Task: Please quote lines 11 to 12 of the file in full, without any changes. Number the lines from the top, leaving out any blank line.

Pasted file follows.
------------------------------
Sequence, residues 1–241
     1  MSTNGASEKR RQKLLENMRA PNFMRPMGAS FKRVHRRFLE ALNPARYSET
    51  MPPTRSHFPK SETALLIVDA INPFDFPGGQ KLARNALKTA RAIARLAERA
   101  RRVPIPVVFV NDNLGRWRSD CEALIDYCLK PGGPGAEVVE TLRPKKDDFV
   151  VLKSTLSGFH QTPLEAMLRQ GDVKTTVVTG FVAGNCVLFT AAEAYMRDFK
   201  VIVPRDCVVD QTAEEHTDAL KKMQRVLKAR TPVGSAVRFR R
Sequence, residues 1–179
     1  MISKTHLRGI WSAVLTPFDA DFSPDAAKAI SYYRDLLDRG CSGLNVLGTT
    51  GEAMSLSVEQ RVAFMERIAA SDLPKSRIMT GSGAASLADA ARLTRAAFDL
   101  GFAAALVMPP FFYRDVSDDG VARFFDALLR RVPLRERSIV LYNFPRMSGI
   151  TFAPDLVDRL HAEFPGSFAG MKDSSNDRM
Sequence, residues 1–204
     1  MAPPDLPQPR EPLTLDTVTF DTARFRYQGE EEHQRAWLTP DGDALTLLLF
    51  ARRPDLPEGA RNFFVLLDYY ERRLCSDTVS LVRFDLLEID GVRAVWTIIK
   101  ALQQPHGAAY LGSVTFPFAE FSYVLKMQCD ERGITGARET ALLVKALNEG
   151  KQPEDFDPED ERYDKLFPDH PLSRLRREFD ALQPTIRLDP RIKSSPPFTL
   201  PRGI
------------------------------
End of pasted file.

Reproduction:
   151  TFAPDLVDRL HAEFPGSFAG MKDSSNDRM
Sequence, residues 1–204